Fitch Affirms Iceland at 'A'; Outlook Negative
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Fitch Ratings has affirmed Iceland’s Long-Term Foreign-Currency (LTFC) Issuer Default Rating (IDR) at ‘A’ with a Negative Outlook.
The 'A' rating is driven by Iceland’s very high income per capita, strong performance on governance, human development and doing business indicators that are more consistent with that of ‘AAA’ and ‘AA’ rated countries. Very large pension fund assets and sizeable deposits underpin financing flexibility. The rating is constrained by the small size of the economy and limited export diversification.
The Negative Outlook reflects the impact of the coronavirus pandemic on the Icelandic economy and the resulting deterioration in the public finances, with the fiscal deficit having widened materially and government debt set to increase sharply from pre-pandemic levels over the next few years. As a small and highly open economy with a sizeable concentration in tourism and commodity exports, Iceland is heavily exposed to the pandemic shock.
Iceland has high flexibility to finance large fiscal deficits arising from its response to the pandemic shock over the next few years. The economy has proved more resilient to the pandemic shock relative to Fitch’s initial expectations. Preliminary data from Statistics Iceland indicate that real GDP contracted by 6.6% in 2020, a better outturn relative to the 8% contraction at Fitch’s October 2020 rating review, mainly due to stronger domestic demand. Strong household balance sheets and government support measures contributed to a rebound in private consumption in 2H20.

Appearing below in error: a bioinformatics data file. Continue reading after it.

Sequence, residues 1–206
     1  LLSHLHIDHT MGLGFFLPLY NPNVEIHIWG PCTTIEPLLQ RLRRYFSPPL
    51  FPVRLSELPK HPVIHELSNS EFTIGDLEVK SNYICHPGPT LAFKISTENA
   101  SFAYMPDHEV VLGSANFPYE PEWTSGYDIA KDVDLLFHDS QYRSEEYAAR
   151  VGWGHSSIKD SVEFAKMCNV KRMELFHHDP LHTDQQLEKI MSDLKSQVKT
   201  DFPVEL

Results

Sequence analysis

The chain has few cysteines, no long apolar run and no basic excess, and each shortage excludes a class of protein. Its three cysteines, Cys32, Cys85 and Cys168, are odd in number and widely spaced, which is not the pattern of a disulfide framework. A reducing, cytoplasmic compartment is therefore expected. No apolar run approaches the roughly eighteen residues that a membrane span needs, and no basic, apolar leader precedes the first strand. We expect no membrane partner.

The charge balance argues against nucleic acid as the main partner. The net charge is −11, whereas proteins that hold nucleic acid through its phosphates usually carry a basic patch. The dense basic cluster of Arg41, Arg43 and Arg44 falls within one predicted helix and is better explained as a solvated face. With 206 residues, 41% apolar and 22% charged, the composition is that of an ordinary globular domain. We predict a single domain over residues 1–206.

In Fitch’s view, parliamentary elections in 2021 could lead to a fiscal strategy with a slower debt reduction path, but Fitch believes that broad political support for rebuilding fiscal buffers and a strong track record of public debt reduction of 70pp of GDP in 2011-2019 support fiscal policy credibility over the long run.
Future developments that could result in a positive rating action are greater confidence that the government debt to GDP ratio will decline over time once the Covid-19 crisis has subsided; sustained economic recovery, for example supported by evidence that the export-oriented sectors, particularly tourism, have been resilient to the pandemic shock.
Factors that could lead to a negative rating action are evidence that the government’s economic and fiscal strategy will fail to arrest the increase in government debt/GDP ratio over time; severe and prolonged economic weakness, for example due to a delayed recovery in the export-oriented sectors, sustained correction in the real estate market and material adverse impact on the banking sector; capital outflows at a scale that precipitates macroeconomic instability or erosion of fiscal buffers.
Further information can be found at www.government.is
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